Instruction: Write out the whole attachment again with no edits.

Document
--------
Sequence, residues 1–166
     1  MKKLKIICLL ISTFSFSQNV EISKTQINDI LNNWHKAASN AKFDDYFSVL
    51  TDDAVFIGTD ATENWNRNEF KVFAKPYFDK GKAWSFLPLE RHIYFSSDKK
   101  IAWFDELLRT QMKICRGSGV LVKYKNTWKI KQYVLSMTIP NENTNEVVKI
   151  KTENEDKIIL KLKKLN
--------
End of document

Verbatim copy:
Sequence, residues 1–166
     1  MKKLKIICLL ISTFSFSQNV EISKTQINDI LNNWHKAASN AKFDDYFSVL
    51  TDDAVFIGTD ATENWNRNEF KVFAKPYFDK GKAWSFLPLE RHIYFSSDKK
   101  IAWFDELLRT QMKICRGSGV LVKYKNTWKI KQYVLSMTIP NENTNEVVKI
   151  KTENEDKIIL KLKKLN